If you are a 4×4 owner and driver, you have quite possibly got a tow bar fitted to the vehicle. More than 60% of 4×4’s do, Which is not surprising as most are bought for that purpose whether it be for work or play, they are usually dragging something behind them at some point.
From caravans and jet skis, to race cars and mini-diggers they pull it all.
But one thing many people don’t give a second thought to is the critical connection point between trailer and vehicle, the ball hitch.
Tow bars are rated and graded, checked at MOT’s for chassis mounting security and damage, but the ball hitch just sits there to do its thing.
To give you some background of the ball hitch we have put a few facts together that we think is of interest to all users for this type of towing connection.
Ball hitches are generally made of chrome or other very hard metals, they have to be when considering the work that they do for such a small piece of metal.
They attach directly onto the back of your vehicle’s chassis rail, mounting plate or bracket, taking up minimal space for when not in use. If you want them to take up even less space, you can now obtain foldable or quick hitch removable ball hitches that fold beneath the car or tuck away when not in use.
There are now even more options when it comes to the popular ball hitch. If you have two trailers that use two different size balls, you can now buy a two or even three ball hitch, these devices can swivel so that you can change the size of the ball that is in use. The unused ball hangs from the bottom and can be swiveled upwards when you wish to use it. Some people prefer a different size for extra load weight or security reasons (they will not fit a standard hitch preventing tow away theft).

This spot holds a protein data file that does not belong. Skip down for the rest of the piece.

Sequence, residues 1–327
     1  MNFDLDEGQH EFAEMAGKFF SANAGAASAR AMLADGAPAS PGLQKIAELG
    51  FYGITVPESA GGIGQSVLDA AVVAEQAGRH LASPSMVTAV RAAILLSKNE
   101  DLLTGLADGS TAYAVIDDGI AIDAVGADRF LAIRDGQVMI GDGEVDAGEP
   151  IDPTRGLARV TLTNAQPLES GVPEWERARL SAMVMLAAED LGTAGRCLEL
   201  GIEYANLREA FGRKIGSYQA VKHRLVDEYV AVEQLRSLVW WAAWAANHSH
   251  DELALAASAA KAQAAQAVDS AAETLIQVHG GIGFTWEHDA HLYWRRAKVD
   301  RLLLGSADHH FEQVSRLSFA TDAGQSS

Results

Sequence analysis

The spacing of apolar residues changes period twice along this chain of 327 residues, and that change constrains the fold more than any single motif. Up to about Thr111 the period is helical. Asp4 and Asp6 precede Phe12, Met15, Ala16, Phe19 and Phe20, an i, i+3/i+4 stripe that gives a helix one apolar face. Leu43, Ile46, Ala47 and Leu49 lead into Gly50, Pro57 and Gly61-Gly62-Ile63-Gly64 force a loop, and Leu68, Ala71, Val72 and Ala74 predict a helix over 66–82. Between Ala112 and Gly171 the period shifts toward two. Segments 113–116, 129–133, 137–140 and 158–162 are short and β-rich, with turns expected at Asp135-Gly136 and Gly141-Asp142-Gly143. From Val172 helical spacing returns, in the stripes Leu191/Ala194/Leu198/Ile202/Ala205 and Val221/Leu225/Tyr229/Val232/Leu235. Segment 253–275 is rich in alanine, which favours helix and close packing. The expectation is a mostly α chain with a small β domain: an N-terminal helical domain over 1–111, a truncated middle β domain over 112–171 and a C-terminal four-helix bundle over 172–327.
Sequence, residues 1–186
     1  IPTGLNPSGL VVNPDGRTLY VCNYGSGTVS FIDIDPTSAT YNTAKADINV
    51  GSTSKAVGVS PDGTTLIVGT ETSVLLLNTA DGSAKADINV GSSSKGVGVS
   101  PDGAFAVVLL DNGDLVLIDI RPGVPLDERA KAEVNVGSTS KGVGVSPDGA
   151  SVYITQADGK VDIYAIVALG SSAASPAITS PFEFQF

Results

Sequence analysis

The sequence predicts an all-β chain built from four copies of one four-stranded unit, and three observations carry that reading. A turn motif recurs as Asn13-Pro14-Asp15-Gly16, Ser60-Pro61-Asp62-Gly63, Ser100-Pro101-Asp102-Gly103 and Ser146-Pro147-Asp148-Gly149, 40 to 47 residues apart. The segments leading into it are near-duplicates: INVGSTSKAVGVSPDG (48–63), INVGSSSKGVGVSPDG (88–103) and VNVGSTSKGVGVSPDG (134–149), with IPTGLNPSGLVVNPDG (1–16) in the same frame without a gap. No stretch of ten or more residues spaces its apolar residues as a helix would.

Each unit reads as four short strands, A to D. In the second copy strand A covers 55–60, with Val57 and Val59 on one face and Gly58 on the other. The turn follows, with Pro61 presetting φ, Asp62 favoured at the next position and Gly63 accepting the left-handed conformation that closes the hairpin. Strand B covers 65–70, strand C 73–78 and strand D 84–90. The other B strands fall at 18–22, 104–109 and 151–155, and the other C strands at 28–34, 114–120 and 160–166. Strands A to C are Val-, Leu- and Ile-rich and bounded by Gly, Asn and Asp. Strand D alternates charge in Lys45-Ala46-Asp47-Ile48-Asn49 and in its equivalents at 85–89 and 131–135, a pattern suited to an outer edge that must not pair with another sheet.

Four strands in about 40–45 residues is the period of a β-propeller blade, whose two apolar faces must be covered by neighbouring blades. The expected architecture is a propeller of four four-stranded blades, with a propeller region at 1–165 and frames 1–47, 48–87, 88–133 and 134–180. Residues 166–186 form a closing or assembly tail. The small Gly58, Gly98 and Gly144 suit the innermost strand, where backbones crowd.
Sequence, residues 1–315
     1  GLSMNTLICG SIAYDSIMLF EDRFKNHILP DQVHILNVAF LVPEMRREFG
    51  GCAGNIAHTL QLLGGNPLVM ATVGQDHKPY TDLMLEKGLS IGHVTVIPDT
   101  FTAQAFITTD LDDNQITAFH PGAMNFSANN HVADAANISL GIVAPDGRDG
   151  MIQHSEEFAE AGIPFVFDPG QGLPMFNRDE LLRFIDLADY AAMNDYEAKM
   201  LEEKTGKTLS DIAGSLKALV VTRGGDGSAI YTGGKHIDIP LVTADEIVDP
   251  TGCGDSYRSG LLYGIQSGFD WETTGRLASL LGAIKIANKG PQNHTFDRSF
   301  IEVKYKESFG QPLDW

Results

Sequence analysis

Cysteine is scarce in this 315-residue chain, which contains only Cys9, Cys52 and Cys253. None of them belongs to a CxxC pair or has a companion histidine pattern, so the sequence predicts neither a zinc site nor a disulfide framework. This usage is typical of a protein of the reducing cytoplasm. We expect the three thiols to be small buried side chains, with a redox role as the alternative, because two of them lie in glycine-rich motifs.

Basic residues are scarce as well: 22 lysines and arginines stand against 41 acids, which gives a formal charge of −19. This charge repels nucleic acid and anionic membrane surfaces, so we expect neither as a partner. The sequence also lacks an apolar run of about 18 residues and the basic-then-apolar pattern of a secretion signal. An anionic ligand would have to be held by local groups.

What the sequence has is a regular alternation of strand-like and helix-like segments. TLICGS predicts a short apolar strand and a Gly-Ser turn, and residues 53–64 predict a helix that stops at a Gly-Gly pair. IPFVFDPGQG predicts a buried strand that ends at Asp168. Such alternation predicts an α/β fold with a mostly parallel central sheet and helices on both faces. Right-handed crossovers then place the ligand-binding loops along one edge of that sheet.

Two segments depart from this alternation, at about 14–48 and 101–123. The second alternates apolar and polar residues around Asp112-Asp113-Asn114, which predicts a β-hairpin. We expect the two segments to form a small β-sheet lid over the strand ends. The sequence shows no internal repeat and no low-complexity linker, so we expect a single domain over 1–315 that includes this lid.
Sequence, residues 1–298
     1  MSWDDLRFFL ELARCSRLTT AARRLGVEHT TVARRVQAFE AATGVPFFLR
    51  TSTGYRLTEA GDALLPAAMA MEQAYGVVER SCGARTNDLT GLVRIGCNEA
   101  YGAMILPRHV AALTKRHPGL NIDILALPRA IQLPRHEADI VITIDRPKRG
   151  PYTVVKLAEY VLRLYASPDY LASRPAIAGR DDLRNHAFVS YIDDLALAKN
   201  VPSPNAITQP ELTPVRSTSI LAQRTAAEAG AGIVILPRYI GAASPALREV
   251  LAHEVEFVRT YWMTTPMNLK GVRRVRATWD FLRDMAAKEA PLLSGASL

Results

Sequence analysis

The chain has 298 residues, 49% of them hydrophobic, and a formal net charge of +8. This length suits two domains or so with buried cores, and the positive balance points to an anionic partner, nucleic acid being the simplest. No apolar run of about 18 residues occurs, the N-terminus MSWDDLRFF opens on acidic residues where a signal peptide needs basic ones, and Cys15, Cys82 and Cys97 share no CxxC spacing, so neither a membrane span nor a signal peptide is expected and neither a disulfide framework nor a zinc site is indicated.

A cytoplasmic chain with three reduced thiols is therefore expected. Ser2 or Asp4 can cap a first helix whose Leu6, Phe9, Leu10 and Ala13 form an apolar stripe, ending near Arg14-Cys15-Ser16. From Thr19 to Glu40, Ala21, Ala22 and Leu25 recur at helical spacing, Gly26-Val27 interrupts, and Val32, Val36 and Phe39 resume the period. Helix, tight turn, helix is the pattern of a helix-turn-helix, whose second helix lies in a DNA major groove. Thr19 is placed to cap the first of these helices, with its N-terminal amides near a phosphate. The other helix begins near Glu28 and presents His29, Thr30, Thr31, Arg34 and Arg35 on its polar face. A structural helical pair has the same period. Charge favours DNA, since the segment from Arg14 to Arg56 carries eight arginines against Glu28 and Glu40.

Other ball hitch combinations are available such as ball/pin & eye or ball/NATO hitch, giving more flexibility with trailer options
The ball hitch can’t handle as much weight as some other types of hitches, they aren’t designed to drag heavy loads. They are primarily made for small trailers and lighter loads. If you want a hitch for hauling larger heavy objects, you will have to look at getting a fifth wheel coupler or a gooseneck hitch.
When buying a ball hitch, you should make sure that the hitch you buy will fit the vehicle you are attaching it too.
Another thing to keep in mind is that the ball hitch must be properly installed if not, you can find that your trailer swings/swerves, or causes chassis damage and you could even loose your load all together.
There are also several types of ball hitch, the most common being a 50mil, which is pretty standard these days. The larger balls can usually tow more weight than the smaller variants, but make sure that the ball hitch you buy is suitable for the weight you intend to tow.
Most trucks come with a ball hitch already installed. If you’re buying a truck, and you know that you will be towing something, you might want to look at buying a truck that comes with a preinstalled hitch. If the truck you want to buy doesn’t have one preinstalled, ask the dealer to install one for you before you buy it. Most of the time, a dealer will think it is a small price to pay in order to make the sale.
While ball hitches are not for everyone, they are good enough for most of the towing needs a regular, everyday person will run into in the course of their lifetimes. They are relatively inexpensive and easy to install. They can be installed on any type of vehicle and they are extremely easy to use.
Just remember to take the required safety precautions when installing them and everything should work out fine.
1, Hitch and lock the ball into the socket, then check by pulling upwards.
2, Secure your breakaway cable or chain, “not around the ball” but to the tow bar itself.
3, Never use the tow-ball as a recovery or winching point, they could sheer, becoming a flying missile.
Choose the one that will best suit your needs, and don’t buy the cheapest hitch on the market. You will probably use the hitch you purchase for many years to come, so a quality hitch is worth its weight in gold.
You can also check out our trailer towing tips just to keep the information fresh in your mind and avoid the common pitfalls.